Growing up in Canada, as a young boy, I recall everyone putting on their Sunday best for church on Sundays. Women and girls wore dresses, men and wore suit and tie and boy often wore nice pants and jackets.

Not anymore! Things have changed. I can even remember a time when our stores here in Canada were closed on Sundays; a stark difference to our neighbours across the line in the USA back in the day.

As times move forward, the immodesty seems to be also growing worse.

Many Christians (What percentage I do not know!) do consider pants a clothing apparel associated with men. We have all heard the expression in reference to the women of a family as ”wearing the pants in this household!”

Pants have been worn by women over the centuries but the main thrust for it really developed in the 19th century.

In the 1900s, women’s pants appear on high-fashion runways and made their way into casual settings.

Around the same time and into the 1930s, actresses like Marlene Dietrich and Katharine Hepburn began wearing pants on a more regular basis. Thanks to women like Dietrich and Hepburn, new types of women were “entering into the social conversation and some of them wore pants, [which] helped to normalize the idea.”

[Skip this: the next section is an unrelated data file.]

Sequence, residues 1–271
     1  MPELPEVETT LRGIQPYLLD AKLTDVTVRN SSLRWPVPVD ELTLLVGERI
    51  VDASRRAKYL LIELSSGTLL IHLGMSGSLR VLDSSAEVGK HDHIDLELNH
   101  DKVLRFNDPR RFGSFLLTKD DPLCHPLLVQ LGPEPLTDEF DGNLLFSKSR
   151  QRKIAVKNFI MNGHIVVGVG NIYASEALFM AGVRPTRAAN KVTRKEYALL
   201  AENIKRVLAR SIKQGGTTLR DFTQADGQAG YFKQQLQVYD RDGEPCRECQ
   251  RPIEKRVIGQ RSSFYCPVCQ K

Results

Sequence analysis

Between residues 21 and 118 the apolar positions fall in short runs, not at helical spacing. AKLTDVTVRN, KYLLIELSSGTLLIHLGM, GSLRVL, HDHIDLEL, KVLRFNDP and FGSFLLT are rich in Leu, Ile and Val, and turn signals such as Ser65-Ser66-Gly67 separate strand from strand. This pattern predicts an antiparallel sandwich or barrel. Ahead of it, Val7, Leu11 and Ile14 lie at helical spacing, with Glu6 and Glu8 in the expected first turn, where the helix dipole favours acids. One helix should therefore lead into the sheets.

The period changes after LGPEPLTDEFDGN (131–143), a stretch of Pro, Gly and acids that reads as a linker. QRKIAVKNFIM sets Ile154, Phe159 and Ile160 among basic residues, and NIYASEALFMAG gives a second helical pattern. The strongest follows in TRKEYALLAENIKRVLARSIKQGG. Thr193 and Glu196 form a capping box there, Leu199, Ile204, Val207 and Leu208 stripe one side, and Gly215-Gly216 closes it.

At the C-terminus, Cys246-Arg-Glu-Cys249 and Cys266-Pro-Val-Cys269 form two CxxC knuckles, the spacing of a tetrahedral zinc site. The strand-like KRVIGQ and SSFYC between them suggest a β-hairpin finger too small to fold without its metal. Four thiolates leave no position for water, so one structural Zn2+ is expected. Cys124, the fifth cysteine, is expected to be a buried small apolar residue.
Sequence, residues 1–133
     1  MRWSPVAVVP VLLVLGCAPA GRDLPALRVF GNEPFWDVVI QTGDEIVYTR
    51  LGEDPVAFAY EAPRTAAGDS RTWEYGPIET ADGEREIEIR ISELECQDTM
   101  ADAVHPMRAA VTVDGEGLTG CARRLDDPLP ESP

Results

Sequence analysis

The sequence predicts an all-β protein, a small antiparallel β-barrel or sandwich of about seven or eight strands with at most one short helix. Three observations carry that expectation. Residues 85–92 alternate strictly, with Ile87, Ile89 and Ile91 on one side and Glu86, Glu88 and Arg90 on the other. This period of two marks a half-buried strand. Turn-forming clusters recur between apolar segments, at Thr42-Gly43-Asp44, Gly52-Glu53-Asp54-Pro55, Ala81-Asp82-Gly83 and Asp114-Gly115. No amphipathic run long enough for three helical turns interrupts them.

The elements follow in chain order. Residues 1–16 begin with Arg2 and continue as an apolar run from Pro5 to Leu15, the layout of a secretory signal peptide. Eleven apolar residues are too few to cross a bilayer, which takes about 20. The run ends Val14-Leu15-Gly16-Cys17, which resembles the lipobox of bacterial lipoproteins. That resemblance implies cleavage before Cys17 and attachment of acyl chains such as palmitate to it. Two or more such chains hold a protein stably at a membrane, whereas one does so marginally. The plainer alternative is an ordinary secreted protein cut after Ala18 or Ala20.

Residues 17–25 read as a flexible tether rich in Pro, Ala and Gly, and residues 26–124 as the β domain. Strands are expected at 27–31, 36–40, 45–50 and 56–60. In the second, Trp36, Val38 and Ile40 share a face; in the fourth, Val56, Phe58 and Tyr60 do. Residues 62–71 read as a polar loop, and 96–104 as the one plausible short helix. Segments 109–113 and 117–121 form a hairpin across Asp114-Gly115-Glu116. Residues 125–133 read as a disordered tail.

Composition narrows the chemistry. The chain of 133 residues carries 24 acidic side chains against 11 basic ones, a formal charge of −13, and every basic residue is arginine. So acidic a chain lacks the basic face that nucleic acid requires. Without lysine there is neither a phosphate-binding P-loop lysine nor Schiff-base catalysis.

But even though pants were becoming more acceptable as casual attire, it still wasn’t acceptable for the average woman to wear them as an everyday wardrobe staple, Zachary said.

Then we come to the 1950s, the era of Dior’s New Look, and pants lose some ground.

While the New Look was quite popular, not everyone hopped on board. Some people protested the trend, believing it represented a return back to restrictive dressing for women, Zachary said.

In the 1960s and ’70s, women’s pants finally seemed to stick.

Up until this time period, there were so many women who had defied norms by wearing pants. Pants had become “a symbol of freedom that women hadn’t had before,” Santandrea said, and they were finally becoming more acceptable for women to wear.